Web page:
"One of IFR's philosophical pillars is 'tu Rees mi otro yo,'" Macias wrote in an email to the B.A.R. "The direct translation is 'you are the other me,' but is intended to convey that we are one community. Claudia's life experiences carries many of the life experiences of our communities. It is one way that IFR strives to reflect/mirror our community."

Macias added that Cabrera bucks negative and untrue stereotypes.

"At a time when immigrants are labeled as a drain on our economy, Claudia showed her commitment, perseverance, and natural leadership to serve our community," Macias stated. "As a result, our LGBTQ Latinx community is healthier because of her contributions."

Macias said in a phone interview that she's known Cabrera "for about 11 years."

"She was here before I got here," Macias said. "I think she represents the true diversity of the Latino LGBTQ community. As a transgender woman, as an immigrant, as a lesbian, as an HIV educator, she is who we want to reach."

Before her official appointment this spring, Cabrera had been acting program director for a year and a half before being appointed interim director in February. Cabrera replaces Rafael "Rafa" Velazquez in the role.

The goals of Sí a la Vida now are "to reduce the number of new cases of HIV in the San Francisco Latino community; increase access to health and social services for both HIV-negative and -positive clients; reduce the stigma associated with HIV status, sexual orientation, and gender identity; and increase the wellness and quality of life of LGBTQ Latinos in San Francisco," according to its website, which also states that the program did COVID-19 outreach and education, as well as contact tracing, during this most recent pandemic.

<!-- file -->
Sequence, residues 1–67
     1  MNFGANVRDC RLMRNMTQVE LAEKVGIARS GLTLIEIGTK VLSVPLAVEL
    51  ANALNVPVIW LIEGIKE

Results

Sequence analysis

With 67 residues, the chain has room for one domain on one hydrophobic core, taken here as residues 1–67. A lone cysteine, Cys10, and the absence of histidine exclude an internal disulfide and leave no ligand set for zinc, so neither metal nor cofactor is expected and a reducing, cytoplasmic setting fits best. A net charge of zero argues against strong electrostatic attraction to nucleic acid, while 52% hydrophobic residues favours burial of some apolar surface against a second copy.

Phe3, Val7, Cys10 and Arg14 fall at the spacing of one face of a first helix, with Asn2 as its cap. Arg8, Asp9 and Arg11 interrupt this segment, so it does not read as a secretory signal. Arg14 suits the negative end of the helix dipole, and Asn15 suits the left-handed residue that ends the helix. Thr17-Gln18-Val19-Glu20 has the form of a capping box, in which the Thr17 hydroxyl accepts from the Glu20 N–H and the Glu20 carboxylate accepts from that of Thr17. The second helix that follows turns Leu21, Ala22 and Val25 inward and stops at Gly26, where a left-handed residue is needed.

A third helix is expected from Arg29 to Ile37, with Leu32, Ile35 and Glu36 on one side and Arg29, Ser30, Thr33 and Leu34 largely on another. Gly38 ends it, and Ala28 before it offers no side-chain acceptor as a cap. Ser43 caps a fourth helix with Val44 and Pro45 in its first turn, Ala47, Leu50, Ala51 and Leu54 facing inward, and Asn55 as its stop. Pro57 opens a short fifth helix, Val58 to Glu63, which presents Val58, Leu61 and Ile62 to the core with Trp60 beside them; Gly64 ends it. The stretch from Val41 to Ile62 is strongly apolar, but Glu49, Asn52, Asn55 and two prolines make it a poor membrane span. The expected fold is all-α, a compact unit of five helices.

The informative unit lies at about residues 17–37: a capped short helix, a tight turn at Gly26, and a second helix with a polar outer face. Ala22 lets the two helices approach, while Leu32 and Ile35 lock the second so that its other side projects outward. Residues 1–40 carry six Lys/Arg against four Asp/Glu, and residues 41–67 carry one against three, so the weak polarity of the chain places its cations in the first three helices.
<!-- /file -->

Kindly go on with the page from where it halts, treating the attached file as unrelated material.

Cabrera said that Sí a la Vida serves 850 unique clients per year.

According to the San Francisco Department of Public Health's most recent HIV epidemiology annual report (), which covers 2019 and was published in September 2020, 20% of San Franciscans living with HIV that year were Latinx, and Latinx people accounted for 33% of newly diagnosed cases citywide. Latinos had the most cases per 100,000 throughout the 2010s of any ethnic group except for Black/African American people (in 2019 that rate was 61 per 100,000).

In a statement, IFR Executive Director Gloria Romero wrote that Cabrera brings her whole self to the job.

"We speak a lot about mind, body, and spirit at IFR, and Claudia brings all of these to her work," Romero stated.

Cabrera said her goal as the new program director is "to continue working and serving the LGBTQ community — focused on the Latino community, but we also help people of other ethnicities and races — and to continue to fight to provide services that they need in that community."

Cabrera also said that HIV prevention and care has to be a holistic exercise.

"HIV prevention is not just teaching people to use condoms or take medicine. There are so many needs that need to be addressed," Cabrera said. "My plan is to continue looking for resources to build up the community and continue providing services."

Cabrera declined to disclose her salary. Velazquez's salary is not listed on IFR's IRS Form 990 for Fiscal Year 2017-2018 (the most recent publicly available on ProPublica's Nonprofit Explorer). The agency's budget is about $10 million, according to the filing.